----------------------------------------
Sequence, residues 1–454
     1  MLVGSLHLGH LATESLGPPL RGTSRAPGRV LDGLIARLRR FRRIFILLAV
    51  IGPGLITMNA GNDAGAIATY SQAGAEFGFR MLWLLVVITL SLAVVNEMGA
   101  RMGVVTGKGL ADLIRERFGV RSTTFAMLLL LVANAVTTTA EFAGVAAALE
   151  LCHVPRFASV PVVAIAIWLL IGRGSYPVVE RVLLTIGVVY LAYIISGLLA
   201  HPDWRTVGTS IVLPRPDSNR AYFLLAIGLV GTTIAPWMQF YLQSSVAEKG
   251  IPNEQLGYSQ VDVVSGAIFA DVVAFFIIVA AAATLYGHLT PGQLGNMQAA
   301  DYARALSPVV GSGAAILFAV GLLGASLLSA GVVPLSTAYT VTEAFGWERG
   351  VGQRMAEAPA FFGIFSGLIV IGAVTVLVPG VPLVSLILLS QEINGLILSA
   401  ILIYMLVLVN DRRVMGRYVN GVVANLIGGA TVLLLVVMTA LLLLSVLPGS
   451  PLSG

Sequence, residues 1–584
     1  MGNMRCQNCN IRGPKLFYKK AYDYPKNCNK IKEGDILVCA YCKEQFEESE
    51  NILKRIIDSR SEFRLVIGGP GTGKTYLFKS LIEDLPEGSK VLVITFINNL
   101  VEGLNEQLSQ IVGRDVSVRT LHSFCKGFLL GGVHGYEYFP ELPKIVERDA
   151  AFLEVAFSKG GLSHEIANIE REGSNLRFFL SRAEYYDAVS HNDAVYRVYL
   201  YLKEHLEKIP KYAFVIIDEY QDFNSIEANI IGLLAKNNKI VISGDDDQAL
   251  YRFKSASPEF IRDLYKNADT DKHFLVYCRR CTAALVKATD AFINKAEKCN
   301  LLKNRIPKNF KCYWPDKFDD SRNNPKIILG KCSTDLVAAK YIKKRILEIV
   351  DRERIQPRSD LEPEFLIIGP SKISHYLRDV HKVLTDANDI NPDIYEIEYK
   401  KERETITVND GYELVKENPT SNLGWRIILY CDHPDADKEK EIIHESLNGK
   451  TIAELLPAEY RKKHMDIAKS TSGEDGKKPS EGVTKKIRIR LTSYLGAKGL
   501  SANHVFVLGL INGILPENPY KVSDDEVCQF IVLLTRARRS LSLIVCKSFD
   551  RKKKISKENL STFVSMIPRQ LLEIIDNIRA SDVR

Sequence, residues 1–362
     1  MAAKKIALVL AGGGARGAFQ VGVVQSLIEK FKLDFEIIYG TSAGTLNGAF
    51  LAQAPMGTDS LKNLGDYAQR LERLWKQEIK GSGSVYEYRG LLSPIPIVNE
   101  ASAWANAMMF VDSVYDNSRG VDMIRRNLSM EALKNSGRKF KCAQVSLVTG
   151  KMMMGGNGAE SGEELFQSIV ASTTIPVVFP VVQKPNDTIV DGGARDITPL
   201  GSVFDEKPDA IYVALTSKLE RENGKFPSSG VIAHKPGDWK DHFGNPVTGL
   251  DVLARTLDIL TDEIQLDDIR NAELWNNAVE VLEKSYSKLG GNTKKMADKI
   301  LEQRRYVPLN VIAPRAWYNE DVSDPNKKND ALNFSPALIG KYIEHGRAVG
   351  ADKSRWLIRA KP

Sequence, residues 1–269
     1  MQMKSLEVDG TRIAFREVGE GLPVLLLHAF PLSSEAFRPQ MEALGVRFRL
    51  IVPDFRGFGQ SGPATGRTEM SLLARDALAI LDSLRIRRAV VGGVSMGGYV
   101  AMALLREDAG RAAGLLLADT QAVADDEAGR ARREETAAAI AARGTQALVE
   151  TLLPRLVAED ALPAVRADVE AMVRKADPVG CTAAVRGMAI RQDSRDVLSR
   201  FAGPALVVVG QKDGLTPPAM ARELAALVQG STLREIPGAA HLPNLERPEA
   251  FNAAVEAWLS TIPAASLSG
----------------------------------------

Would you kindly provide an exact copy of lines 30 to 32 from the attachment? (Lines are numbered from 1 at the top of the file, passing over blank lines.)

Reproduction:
   201  GSVFDEKPDA IYVALTSKLE RENGKFPSSG VIAHKPGDWK DHFGNPVTGL
   251  DVLARTLDIL TDEIQLDDIR NAELWNNAVE VLEKSYSKLG GNTKKMADKI
   301  LEQRRYVPLN VIAPRAWYNE DVSDPNKKND ALNFSPALIG KYIEHGRAVG